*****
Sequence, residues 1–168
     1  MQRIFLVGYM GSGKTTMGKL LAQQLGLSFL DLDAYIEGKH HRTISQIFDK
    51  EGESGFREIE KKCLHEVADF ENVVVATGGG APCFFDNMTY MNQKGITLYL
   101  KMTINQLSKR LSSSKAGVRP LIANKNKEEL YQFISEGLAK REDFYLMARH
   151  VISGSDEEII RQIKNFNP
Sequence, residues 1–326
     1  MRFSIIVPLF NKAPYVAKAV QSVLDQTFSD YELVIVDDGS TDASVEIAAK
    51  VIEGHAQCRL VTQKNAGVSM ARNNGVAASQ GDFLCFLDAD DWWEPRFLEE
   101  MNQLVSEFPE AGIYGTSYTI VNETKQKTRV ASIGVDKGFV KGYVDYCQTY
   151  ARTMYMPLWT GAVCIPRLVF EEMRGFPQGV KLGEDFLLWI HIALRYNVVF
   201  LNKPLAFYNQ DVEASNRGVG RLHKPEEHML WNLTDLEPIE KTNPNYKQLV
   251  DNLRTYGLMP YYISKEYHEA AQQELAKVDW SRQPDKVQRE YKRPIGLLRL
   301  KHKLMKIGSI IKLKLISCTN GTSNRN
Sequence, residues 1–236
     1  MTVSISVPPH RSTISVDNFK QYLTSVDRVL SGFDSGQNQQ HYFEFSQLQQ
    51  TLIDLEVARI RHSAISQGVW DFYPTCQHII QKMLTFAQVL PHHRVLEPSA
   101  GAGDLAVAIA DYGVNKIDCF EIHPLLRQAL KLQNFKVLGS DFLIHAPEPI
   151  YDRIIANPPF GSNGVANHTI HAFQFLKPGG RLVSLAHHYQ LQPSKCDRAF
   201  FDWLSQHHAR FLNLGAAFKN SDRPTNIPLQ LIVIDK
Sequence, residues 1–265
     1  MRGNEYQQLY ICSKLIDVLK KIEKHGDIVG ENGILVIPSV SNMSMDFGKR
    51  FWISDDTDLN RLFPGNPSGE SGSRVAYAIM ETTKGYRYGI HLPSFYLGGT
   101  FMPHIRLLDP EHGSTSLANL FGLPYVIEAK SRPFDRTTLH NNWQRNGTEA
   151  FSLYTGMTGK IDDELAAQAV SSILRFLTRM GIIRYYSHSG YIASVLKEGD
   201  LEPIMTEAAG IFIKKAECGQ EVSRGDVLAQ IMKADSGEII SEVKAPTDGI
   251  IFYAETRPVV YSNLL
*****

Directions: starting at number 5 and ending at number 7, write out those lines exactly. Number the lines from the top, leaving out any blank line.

   151  VISGSDEEII RQIKNFNP
Sequence, residues 1–326
     1  MRFSIIVPLF NKAPYVAKAV QSVLDQTFSD YELVIVDDGS TDASVEIAAK